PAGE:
Taxonomy term

december 2012

Satellites can detect underground nuclear explosions

SAN FRANCISCO: If you’re looking for hints of an underground nuclear explosion, the last place you might think to look is up. But it turns out that the sky is a great place to look for clues, because satellites provide scientists with a way to locate the waves that clandestine weapons tests emit into the upper atmosphere, scientists announced yesterday.

05 Dec 2012

Benchamrks: December 4, 1992: The Seattle Fault Zone is described

Since the early 1900s, scientists, boaters and residents have known that a ghostly, submerged forest of dead trees lurked just below the surface of Lake Washington, on Seattle’s eastern edge. The trees were mostly too deep to bother anyone until the Lake Washington Ship Canal opened in 1916, connecting the lake and Puget Sound and dropping the level of the lake three meters. Then the dead trees — many of which were still upright — became hazardous to boaters. In response, the U.S. Coast and Geodetic Survey and U.S. Army Corps of Engineers blasted and chained down 186 trees in one submerged forest. Forty years later, when a diver visited a different underwater forest in 28 meters of water, he found himself in a dense grove of dead trees — predominately Douglas fir — the largest of which had a circumference of 9 meters. 
04 Dec 2012

Simple organic compounds detected by Curiosity on Mars

Too early to tell if findings are evidence of biological activity, scientists say

NASA’s Mars Science Laboratory (MSL) rover, Curiosity, has detected evidence of simple, chlorinated organic compounds in soil sampled recently from the red planet, project scientists announced Monday from the annual meeting of the American Geophysical Union in San Francisco. The scientists characterized the finding as very exciting, but they stressed that the results do not provide “definitive" evidence of past or present life on Mars.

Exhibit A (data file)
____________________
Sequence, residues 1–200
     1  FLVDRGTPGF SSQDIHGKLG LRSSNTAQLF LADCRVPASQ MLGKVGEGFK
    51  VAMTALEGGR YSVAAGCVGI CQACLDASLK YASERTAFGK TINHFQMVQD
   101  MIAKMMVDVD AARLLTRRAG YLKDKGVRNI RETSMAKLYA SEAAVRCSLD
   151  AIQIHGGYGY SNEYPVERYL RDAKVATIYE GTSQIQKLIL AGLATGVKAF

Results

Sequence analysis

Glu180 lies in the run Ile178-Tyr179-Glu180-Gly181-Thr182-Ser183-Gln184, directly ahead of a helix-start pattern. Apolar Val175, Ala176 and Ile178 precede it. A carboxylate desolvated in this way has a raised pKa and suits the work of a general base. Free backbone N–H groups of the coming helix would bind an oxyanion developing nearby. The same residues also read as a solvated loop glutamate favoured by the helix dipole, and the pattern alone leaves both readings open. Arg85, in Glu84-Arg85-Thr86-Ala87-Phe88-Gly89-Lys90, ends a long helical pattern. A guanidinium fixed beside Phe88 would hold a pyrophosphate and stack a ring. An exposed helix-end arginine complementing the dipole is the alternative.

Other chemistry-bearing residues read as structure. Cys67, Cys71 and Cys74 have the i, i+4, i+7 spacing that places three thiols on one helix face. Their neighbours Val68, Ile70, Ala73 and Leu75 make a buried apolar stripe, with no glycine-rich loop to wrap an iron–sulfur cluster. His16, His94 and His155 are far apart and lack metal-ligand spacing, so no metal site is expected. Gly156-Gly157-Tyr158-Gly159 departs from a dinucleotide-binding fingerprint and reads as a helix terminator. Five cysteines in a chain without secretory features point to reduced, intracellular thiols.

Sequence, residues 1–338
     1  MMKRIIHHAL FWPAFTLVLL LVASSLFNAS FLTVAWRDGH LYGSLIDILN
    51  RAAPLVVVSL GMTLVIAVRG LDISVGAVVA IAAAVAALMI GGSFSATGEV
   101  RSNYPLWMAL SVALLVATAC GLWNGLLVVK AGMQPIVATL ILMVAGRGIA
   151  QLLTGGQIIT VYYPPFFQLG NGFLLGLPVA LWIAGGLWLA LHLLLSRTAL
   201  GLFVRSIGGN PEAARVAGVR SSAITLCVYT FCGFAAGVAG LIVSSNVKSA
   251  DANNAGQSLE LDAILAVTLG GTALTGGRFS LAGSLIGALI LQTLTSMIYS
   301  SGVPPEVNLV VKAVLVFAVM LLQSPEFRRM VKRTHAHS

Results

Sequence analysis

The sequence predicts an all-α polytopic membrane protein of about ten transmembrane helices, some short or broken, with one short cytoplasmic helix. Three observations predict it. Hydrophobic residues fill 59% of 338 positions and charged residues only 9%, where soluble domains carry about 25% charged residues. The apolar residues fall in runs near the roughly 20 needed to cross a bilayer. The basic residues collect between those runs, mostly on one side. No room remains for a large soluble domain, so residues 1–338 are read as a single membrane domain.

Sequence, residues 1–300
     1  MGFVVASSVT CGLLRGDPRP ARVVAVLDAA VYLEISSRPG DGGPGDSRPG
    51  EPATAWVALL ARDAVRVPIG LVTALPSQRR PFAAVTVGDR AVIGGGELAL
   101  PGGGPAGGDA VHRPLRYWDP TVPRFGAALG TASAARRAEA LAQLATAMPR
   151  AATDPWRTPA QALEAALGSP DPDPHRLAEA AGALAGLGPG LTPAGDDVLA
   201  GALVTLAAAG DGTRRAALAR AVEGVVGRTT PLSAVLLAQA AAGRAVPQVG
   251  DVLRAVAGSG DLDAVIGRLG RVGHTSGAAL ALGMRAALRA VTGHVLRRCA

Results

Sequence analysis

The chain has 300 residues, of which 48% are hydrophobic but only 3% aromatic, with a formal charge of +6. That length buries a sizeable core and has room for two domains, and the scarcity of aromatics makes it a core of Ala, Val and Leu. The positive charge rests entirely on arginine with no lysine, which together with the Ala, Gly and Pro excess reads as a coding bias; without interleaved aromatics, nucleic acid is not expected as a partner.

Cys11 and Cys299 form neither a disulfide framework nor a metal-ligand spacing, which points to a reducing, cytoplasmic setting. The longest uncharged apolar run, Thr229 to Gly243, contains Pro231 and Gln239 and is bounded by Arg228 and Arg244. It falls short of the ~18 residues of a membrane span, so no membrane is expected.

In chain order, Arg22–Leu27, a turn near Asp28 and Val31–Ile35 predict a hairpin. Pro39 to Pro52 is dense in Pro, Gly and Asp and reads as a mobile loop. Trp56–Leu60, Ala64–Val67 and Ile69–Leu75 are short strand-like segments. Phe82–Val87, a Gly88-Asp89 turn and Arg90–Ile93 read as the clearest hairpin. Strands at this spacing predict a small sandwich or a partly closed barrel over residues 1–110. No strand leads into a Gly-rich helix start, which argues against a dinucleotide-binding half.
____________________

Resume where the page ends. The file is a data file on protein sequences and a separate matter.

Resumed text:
03 Dec 2012

Where on Earth? - December 2012

Clues for December 2012:
1. Sitting atop a subduction zone where the Pacific Plate dips beneath the Okhotsk Plate, this active andesitic stratovolcano is one of about 40 that forms part of a historically disputed island chain stretching more than 1,000 kilometers between two countries.
2. Eruptions of the volcano, which is nearly 1,500 meters high and features a 3- to 3.5-kilometer wide caldera, have been recorded since the 18th century.

Highlights of 2012: Climate 2012 - A window into what to expect for 2013 and beyond?

July 2012 was the hottest month by far for the lower 48 states. Much of the nation faced drought conditions that grew steadily worse throughout the summer, and there were major repercussions for crop yields and food prices. Wildfires were also rampant. The record low snowpack in May 2012 in the Colorado Rockies set the stage for major wildfires in June, with more than 600 homes lost in Colorado alone. Wildfires developed in other regions in July as well, as tremendous record-breaking heat developed in Oklahoma and surrounding areas. Considered individually, the record temperatures, droughts, fires and diminished snowpack are not necessarily alarming and may not signal anything beyond the natural occurrence of a hotter-than-average year. But combined, these indicators are much more significant from a climate standpoint. They highlight that there is more than just natural variability playing a role: Global warming has reared its head in a way that can only be a major warning for the future. So, what can we expect?

25 Nov 2012

Increasing resilience: A national imperative

Over the past several years, the concept of resilience has increasingly captured public attention. Even fitness clubs are advertising resilience to get you in the best shape of your life — able to handle anything that comes your way. The same resiliency that helps individuals — being mentally, physically and financially prepared, and having a disaster-recovery plan — applies to communities and even to nations. In August, a committee of the National Resource Council (NRC) of the National Academies released a report in which the authors looked at how communities can increase their resilience to natural disaster. The committee outlined a plan for becoming more resilient over the next two decades, but that work must begin today.

18 Nov 2012

Sun provides water to the moon?

Until recently, the consensus in the scientific community was that the moon was bone-dry. Scientists thought that the massive impact responsible for the moon’s creation would have driven away the hydrogen needed to form water. In the past four years, however, that view has melted away. The first suggestion of water was in 2008, when researchers identified the presence of water in volcanic lunar glass. In 2009, satellites orbiting high above the moon identified water on its surface.

14 Oct 2012